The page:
Churches rally for right to build in Southern California's wine country

TEMECULA, Calif. — Jesus may have turned water into wine in the Gospels, but unless existing zoning laws are changed, churches would continue to be banned in Temecula Wine Country.

Churches have reason to hope, however, after the Riverside County Planning Commission agreed to explore lifting the ban on Aug. 22. That's when it voted to accept $100,000 from Calvary Chapel Bible Fellowship to re-examine the environmental impacts of having churches and schools in the Temecula Valley Wine Country.

The church, the only one located in the winery-designated area east of the city, is seeking to expand its facilities and open a school after acquiring a 22-acre parcel adjacent to its current 7-acre site. Included in the church plans are designs to dedicate 75 percent of the land to grape vineyards.

The commission approval for the study came after a heated, eight-hour hearing that pitted churches against the valley's growers. Citing urban sprawl that has encroached upon other wine enclaves, the region's wine growers and vintners say they are trying to protect their agricultural farmland from other uses that could threaten their existence. They have rallied to uphold the 1999 ban on churches, which was implemented after Calvary Chapel was granted permits to operate in a former dilapidated barn along Rancho California Road.

The original church permit was awarded in the late '90s, prompting objections from owners of several local vineyards. Although grandfathered into the wine country plan, "The Barn," as the church is called, discovered that the zoning ordinance prohibited it from expanding.

Local church leaders said they believe the zoning ban is motivated by religious discrimination. Robert Tyler, chief counsel for Advocates for Faith and Freedom, who is representing the church, said the church's pastor Clark Van Wick, met with a few vintners in an attempt to explain their vision for the parcel but was told, "We don't want your kind out here."  

Tyler said he believes the growers assume that churches will try to interfere with their alcohol sales.

"We've been questioned about the church's doctrine when it comes to drinking alcohol," the attorney said. "My response is how in the world can a church's doctrine in relation to alcohol have any bearing on whether to grant land use permits, particularly when Calvary has agreed to waive any right to objection—if it had it—to someone obtaining an alcohol license.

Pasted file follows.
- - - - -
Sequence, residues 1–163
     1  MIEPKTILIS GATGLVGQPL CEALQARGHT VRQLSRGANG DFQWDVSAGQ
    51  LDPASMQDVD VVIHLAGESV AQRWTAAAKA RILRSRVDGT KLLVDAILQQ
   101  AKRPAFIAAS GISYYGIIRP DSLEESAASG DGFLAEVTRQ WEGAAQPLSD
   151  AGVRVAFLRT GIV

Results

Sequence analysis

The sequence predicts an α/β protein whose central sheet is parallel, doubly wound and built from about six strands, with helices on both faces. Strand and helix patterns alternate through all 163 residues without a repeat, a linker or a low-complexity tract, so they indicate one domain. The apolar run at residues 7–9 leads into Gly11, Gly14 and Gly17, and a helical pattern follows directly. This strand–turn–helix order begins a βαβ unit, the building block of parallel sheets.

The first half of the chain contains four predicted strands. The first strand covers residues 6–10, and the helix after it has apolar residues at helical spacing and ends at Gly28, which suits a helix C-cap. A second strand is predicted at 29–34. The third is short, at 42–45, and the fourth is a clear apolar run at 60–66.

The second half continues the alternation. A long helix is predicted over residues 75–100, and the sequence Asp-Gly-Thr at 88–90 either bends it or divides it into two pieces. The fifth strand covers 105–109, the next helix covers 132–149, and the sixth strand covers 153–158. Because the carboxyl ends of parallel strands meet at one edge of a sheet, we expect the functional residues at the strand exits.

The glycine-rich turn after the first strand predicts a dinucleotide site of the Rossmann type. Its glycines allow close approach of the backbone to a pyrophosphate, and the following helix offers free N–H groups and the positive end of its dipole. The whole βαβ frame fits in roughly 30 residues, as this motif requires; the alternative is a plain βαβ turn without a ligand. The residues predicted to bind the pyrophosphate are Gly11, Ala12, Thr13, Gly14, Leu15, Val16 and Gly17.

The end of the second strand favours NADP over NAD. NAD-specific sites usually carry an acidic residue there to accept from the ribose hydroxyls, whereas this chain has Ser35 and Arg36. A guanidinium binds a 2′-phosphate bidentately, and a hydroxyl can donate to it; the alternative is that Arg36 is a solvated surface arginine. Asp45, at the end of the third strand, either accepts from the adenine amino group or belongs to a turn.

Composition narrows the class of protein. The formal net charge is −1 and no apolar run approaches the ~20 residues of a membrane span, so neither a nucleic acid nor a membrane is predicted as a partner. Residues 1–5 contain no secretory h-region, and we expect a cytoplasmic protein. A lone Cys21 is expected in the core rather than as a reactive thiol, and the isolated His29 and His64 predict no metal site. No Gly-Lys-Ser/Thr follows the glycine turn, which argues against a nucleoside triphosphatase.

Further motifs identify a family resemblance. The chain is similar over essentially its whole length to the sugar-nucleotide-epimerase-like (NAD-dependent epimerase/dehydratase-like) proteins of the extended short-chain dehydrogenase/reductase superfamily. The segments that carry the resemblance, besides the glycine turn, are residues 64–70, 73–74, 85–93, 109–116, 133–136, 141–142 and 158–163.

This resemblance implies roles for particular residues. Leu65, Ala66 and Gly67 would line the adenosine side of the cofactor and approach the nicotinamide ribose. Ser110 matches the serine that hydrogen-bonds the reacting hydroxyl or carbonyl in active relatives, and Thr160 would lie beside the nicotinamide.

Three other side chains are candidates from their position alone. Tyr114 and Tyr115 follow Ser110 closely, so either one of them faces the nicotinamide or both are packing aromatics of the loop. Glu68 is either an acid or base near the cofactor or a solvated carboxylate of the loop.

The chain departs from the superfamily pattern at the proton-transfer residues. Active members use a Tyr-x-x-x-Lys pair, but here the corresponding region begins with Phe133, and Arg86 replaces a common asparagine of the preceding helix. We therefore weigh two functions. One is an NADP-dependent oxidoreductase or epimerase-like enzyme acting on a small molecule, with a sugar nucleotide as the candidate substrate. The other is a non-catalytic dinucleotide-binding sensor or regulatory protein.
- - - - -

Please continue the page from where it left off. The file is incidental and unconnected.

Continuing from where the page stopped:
"We see this stuff all the time. What really happens is people use all sorts of environmental-type concerns, but those are really just a pretext to the fact that they don't want a Christian organization or a Christian church nearby."

Tyler said that more than 3,200 letters of support for churches were submitted to the county in advance of the hearing.

"Although religious liberty is often exercised in the form of free speech, as in the incident surrounding Chick-fil-A, it is more often exercised in the form of believers assembling together for the common purpose of worshipping God, holding church services and educating the youth," he said.


Incompatible use
Ray Falkner, who with his wife Loretta launched Falkner Winery in 2000, said he has no objection to the church operating on its existing land but does have concerns with the church's expansion plans. The parcel that Calvary Church wants to develop is sandwiched between the existing church and Falkner's hillside winery.

The opposition to the congregation's expansion, and the broader attempts to ease zoning for churches has nothing to do with religious discrimination, Falkner said, adding that he is a practicing Christian. He said the Temecula Valley Winegrowers Association is merely trying to protect a "whole economic district, agricultural land that was established by the county for the sole purpose to grow grapes and produce wine."

"Once the county starts taking steps to say, 'Oh, well let's start making some exceptions to that, let's bend the rules a little bit,' the end result is that you open the door for a large number of non-agriculturally oriented business to take the scarce land that we have. It reduces the viability of, I think, the entire wine country that exists."

Other vintners expressed concerns about being able to use pesticides with a school located inside the agricultural belt.


Expanding the wine zone
In addition to the battle over Calvary Chapel's expansion plans, the county is also in the process of considering expanding its wine country zoning area from 7,000 acres to nearly 19,000 acres, meaning a wide swath of the rolling hillside area east of the city would be off limits to churches if the ban is not lifted.

Tyler said he believes another issue for the farmers is financial since many churches make their facilities available for weddings, which would compete with the lucrative special events operations by the wineries.

"Christians go to church, then lunch," the attorney said. "They bring money into the economy. It's really hard for them to make a reasonable argument why they shouldn't allow the church."

One of the factors that could come into play is the federal Religious Land Use and Institutionalized Persons Act. Signed into law by President Bill Clinton, the act protects houses of worship from unreasonable zoning ordinances, except in cases of health and safety. Tyler said the church is prepared to file a lawsuit if Calvary Church is denied the new permit.

"We must defend the right to assemble against discriminatory zoning laws and land-use regulations, or else governmental officials will be able to zone out Christians whenever it is politically expedient."

For more information on the issue from the church's perspective, visit www.winecountryfreedom.com.